Lane Filler is a member of the Newsday editorial board. He came to Long Island in 2010.
So just who, if anyone, ought to be barred from buying cigarettes? It's a hot topic in Suffolk County and in several states looking to raise the age at which adults can purchase smokes. Raising the age is a terrible idea from a civil liberty point of view, but it's an even worse idea when you add logic to the mix.
Suppose a study came out that said smokers, as they age and continue to indulge, face a much steeper penalty in terms of longevity than younger puffers. Would it be reasonable, then, for governments to ban selling tobacco to people older than 40, 50, 60 or 70?
I don't think so, and not just because I fall into that age range, and my attempts to quit smoking have progressed only as far as removing the ashtray from my elliptical machine. It would be wrong because we oldsters are full-fledged citizens and have the right to do anything that's legal. Were that not so, right-thinking members of society already would have banned us from wearing midriff shirts, tight jeans, and heels more than three inches high, buying mid-life crisis sports cars, going to dance clubs and using (or making tragic attempts to use) hip lingo.
We'd be totes repressed.
In fact, the British Doctors Study has been done, following more than 40,000 men for 50 years, and it showed there really is a steeply sliding scale of shortened life span for smokers depending on when they quit. On average, those who stop lighting up by age 30 have no loss of life span. None.
Quit at 40 and you lose a year. Those who can toss the pack at 50 are docked four years; at 60, seven years; and at 70 . . . Well, statistically, if you smoke until 70, you'll lose 10 years of life span, so that's probably time to start buying by the pack rather than by the carton.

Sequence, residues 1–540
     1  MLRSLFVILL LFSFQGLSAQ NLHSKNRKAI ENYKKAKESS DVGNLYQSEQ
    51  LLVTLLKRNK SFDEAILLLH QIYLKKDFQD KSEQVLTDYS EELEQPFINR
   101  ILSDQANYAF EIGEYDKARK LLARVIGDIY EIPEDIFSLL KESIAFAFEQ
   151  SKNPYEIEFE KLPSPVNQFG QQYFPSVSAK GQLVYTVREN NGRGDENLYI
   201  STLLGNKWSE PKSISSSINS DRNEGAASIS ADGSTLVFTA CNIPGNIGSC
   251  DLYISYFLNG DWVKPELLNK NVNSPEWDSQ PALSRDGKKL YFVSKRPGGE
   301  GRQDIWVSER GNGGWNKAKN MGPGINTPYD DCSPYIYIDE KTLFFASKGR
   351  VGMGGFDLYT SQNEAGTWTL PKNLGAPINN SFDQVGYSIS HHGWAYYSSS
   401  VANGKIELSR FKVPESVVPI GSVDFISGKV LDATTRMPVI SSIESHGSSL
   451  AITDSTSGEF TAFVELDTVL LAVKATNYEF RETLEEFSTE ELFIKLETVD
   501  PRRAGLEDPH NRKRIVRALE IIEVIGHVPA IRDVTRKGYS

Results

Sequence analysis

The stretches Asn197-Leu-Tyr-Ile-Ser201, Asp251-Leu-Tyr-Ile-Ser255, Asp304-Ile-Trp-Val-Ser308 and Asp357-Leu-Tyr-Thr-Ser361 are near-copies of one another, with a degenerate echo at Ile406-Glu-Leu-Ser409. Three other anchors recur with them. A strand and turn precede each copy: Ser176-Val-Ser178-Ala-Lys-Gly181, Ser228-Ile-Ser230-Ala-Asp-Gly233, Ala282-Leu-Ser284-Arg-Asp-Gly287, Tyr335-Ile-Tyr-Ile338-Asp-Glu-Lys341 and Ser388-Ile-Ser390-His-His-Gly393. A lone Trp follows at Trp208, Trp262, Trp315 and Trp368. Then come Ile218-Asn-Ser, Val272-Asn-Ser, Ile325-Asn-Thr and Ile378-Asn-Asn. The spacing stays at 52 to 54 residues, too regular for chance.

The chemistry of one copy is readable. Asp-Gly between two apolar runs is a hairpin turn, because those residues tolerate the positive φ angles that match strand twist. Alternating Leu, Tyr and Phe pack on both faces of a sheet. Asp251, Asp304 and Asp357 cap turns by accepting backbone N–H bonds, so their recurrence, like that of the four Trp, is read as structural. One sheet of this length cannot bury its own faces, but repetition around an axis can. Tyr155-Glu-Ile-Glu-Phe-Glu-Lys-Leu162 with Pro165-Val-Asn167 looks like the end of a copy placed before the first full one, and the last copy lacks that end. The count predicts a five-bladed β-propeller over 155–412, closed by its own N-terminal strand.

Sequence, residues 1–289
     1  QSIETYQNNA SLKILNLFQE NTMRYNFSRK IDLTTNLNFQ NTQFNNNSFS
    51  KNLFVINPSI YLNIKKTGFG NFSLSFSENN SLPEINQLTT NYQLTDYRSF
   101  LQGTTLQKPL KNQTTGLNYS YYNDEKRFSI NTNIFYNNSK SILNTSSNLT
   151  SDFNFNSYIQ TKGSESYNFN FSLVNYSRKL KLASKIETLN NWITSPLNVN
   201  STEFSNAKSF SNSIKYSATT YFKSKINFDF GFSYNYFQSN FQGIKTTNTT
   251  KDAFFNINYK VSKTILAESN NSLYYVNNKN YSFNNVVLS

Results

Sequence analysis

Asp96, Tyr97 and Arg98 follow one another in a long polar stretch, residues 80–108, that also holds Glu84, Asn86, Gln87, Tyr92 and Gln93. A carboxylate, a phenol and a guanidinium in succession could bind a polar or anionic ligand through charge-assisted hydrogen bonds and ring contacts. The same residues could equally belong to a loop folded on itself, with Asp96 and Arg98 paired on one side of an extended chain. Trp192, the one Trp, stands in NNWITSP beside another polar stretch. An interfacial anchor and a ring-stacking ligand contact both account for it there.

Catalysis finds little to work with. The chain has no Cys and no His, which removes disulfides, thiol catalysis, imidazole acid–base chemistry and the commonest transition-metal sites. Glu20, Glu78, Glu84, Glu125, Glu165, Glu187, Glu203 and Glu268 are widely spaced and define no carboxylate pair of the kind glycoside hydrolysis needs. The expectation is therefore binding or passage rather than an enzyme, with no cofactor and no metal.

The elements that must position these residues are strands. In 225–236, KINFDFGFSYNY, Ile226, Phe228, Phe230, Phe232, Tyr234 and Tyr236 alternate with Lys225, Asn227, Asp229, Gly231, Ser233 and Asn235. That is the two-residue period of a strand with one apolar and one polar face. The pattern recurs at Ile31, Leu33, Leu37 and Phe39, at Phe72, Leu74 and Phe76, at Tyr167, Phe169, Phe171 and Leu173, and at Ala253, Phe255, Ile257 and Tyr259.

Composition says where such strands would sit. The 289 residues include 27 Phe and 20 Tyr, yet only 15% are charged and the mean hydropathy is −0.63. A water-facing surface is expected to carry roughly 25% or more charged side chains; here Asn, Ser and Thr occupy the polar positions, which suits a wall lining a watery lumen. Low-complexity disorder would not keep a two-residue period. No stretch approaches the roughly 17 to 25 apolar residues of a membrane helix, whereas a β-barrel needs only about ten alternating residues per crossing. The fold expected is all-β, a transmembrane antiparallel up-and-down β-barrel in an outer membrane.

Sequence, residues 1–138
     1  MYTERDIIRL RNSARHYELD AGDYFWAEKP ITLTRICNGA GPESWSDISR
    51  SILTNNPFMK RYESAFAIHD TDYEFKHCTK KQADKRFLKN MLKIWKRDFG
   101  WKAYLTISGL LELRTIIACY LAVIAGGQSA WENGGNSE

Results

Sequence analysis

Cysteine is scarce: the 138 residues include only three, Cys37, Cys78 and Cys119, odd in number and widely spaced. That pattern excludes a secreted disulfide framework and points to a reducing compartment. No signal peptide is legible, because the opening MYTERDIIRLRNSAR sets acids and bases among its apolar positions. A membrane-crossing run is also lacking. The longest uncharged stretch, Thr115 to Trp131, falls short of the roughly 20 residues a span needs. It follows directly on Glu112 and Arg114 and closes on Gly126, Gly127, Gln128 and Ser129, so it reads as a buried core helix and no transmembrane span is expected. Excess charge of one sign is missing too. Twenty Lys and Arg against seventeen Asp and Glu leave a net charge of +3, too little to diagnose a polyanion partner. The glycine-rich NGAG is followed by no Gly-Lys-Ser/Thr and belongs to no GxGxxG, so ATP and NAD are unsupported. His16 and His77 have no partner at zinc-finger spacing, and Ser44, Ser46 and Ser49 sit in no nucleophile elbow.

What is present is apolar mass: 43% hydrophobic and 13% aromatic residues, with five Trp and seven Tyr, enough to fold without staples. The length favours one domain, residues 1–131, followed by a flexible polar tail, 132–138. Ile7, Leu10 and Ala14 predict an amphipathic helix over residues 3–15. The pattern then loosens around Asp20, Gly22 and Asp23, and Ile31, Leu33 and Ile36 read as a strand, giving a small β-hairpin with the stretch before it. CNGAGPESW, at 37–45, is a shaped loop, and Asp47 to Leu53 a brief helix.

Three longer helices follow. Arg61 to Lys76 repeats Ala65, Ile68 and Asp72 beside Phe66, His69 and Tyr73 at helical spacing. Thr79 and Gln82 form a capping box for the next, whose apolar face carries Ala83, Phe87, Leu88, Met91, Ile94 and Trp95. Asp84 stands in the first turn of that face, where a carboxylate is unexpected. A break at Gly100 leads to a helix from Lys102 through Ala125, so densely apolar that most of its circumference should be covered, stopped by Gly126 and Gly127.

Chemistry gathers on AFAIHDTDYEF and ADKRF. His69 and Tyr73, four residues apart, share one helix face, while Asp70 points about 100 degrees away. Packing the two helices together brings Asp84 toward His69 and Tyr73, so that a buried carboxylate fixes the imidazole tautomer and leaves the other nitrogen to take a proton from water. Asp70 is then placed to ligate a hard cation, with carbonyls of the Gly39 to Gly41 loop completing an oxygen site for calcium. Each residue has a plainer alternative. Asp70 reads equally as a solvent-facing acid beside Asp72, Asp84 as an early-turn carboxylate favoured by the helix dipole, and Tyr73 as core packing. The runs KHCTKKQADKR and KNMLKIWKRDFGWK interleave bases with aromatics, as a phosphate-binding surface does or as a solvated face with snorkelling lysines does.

New York City recently raised the legal age to buy cigarettes to 21. Admittedly, that has very little bearing on whether 18- to 20-year-olds, or even 6-year-olds, will be able to make such purchases in the Big Apple, but still. Suffolk County is hearing public comment on the same age minimum, and both Utah and Colorado are considering 21 as well.
Now, let's try a little logic puzzle: By definition, prohibiting the sale of something to a specific group is based on the idea that such bans work. If we believe a ban on sales to people of a certain age can be effective, why would we not allow cigarette sales to the 18-year-olds who can smoke for another 12 years with hardly any ill effects, but allow sales to folks aged 40 to 60, who lose about nine days of life for every month they continue smoking.
I agree that we don't want young people picking up such an addictive habit. But these 18- to 20-year-olds are adults. They can vote, marry, handle their own legal affairs and enlist in the military.
Banning the purchase of cigarettes by young adults is not, from a civil liberties perspective, any more justifiable than banning Jews or Asians or, yes, middle-aged and elderly folks, from smoking. In fact, banning these young adults from buying and consuming liquor, as the nation mostly has done since 1984, is just as unjustifiable.
Morally, I mean. It's easy to justify from the "I have been around drunk 19-year-olds and that @#$% just should not be allowed" perspective, but to be fair, drunk 93-year-olds are no great shakes either.
Given my druthers, I'd let all adults do what they want as long as they don't harm others, and I certainly wouldn't ban any behaviors for one set of adults but not others. But if we must make age-specific rules, I'd ban smoking for people older than 30, and I'd ban serving in the military for anyone younger than 30, which at least would focus the restrictions on groups they actually can save.
Lane Filler is a member of the Newsday editorial board.